On May Day 2018, Spectacle is proud to present MAYDAY 1971 RAW; a documentary using footage shot and edited in 1971, by an early ad hoc collective of 25 of the earliest indy videomakers called Mayday Video, that included the infamous video pirates the Videofreex. This revised and expanded version was directed and edited by Videofreex member Skip Blumberg in 2017; a utopian call to arms for the 21st century.

Videofreex, one of the earliest video collectives, was formed in 1969, and produced over 1,500 tapes and edits in their decade of working together. As early adopters of video camera technology, the ‘freex were constantly shooting footage; creating guerilla television for the counterculture as they made their way through the political turmoil of the late ‘60s and ‘70s.

Two of their founding members, David Cort and Parry Teasdale, met at Woodstock Music Festival, Sony Portapaks in hand. Joined by Mary Curtis Ratcliff, and working out of a Manhattan loft, they eventually grew to ten members, including Chuck Kennedy, Nancy Cain, Skip Blumberg, Davidson Gigliotti, Carol Vontobel, Bart Friedman and Ann Woodward.

In 1971, the collective moved to a shared house in Lanesville, NY, where they launched Lanesville TV, probably the world’s first pirate television station with a transmitter supported by Abbie Hoffman. Speaking back to the three TV networks of the time (CBS, NBC, & ABC), they produced documentary work with Fred Hampton, the Weathermen, Yoko Ono, the Hell’s Angels, and Shirley Clarke, to name just a few.

Dir. Skip Blumberg / Videofreex / Mayday Video, 1971 / 2017.
Amerika. 66 min.
(This event is $10)

“The more of those kids, people who have never been arrested, that you bring in that jail… What they been taught, they know better now. So Momma, Daddy, nobody can tell ‘em. They found it out for themselves.”

On May 1st, 1971, 35,000 protesters occupied West Potomac Park in Washington, D.C. for a massive series of direct actions against the war in Vietnam. They blocked traffic intersections and the entrances to several federal buildings. Their message: “If the government won’t stop the war, we’ll stop the government.”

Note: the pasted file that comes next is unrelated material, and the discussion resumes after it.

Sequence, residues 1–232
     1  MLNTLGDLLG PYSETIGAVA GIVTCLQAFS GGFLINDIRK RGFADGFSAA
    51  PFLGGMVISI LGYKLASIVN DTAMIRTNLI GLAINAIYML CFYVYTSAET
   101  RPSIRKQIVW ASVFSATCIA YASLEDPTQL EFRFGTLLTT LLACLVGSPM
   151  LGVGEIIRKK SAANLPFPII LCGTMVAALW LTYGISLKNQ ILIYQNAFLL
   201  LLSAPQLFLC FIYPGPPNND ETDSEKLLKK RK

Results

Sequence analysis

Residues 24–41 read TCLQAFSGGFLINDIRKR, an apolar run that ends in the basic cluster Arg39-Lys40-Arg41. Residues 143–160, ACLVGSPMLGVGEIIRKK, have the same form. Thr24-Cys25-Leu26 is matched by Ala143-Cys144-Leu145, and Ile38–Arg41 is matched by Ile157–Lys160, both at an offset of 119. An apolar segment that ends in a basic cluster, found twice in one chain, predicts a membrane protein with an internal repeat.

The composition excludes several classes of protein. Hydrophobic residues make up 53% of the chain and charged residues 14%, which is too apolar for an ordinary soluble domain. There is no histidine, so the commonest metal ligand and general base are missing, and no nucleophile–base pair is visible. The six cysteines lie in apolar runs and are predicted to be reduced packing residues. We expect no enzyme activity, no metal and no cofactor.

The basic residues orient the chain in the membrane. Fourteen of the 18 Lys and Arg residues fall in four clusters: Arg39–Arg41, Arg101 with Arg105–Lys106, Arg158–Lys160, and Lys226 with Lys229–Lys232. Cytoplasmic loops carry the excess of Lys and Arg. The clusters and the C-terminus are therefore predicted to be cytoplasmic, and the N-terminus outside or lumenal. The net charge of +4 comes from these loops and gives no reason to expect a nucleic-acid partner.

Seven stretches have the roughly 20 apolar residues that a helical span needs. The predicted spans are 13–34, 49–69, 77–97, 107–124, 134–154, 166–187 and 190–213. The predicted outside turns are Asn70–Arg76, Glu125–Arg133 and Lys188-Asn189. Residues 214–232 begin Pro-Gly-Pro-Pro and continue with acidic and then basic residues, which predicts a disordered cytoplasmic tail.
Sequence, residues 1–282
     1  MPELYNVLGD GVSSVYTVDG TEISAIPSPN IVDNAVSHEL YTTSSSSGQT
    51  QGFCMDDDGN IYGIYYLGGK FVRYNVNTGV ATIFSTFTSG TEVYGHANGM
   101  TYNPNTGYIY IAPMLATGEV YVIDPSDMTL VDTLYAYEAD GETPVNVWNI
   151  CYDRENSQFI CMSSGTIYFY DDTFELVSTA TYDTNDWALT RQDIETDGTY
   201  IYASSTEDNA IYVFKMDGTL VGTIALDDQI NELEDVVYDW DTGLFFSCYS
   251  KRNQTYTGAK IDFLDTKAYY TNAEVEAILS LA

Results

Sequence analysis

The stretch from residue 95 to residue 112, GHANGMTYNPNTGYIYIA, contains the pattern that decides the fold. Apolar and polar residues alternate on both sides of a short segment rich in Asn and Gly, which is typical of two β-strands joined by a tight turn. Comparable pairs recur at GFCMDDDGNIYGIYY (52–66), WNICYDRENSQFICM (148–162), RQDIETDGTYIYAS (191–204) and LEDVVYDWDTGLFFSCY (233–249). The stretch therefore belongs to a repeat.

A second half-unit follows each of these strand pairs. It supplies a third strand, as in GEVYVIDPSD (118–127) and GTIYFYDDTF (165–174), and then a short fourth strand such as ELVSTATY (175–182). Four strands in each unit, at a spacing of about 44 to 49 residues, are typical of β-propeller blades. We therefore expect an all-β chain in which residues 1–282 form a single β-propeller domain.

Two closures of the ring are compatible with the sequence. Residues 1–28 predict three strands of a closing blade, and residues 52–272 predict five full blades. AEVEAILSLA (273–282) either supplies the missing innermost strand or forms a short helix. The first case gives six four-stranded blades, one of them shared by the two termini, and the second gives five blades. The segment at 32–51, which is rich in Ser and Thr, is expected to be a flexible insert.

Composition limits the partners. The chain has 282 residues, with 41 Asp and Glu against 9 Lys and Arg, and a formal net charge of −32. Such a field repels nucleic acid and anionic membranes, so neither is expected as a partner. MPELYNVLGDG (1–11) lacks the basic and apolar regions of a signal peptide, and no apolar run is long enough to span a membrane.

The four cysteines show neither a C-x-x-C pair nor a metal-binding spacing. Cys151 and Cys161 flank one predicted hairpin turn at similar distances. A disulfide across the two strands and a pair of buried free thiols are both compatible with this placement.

Mayday Video, a collective comprising the Videofreex and other independent video pioneers, was formed to document these protests from the inside. Conceived of as the counterculture’s own press coverage, Mayday Video captured the event with a verité approach made possible by the relatively new technology of video cameras. MAYDAY 1971 RAW is compiled from Mayday Video’s original footage and gives an experiential account of that tumultuous week of radical political action.

By May 7th, over 12,000 protesters were arrested, crowding D.C. central lockup. In one of the film’s most striking sequences, the D.C. Metropolitan Police become so overwhelmed that they lock one arrested Mayday Video member, Davidson Gigliotti, in a holding cell with his video camera, allowing him to record from inside the jail. Watching today, one cannot help but think of the repressive police tactics and mass arrests in Washington D.C. during the 2017 presidential inauguration.

MAYDAY 1971 RAW uses minimal editorializing or exposition, giving contemporary audiences just enough context. Interspersed with footage of the protests are on-the-fly interviews that give a vivid sense of the political climate with a wide breadth of voices – from organizers of the protests like Rennie David of the Chicago 8 to rabid anti-communists to working-class residents of D.C. who feel ambivalence about the protesters’ tactics even while supporting their message.

Covering not only the anti-war movement, but also feminism, black power, and the emergent LGBTQ movment, MAYDAY 1971 RAW is a partisan time-capsule that speaks not only to the past, but also urgently to our present.

Special thanks to Skip Blumberg, Videofreex, and Mayday Video.

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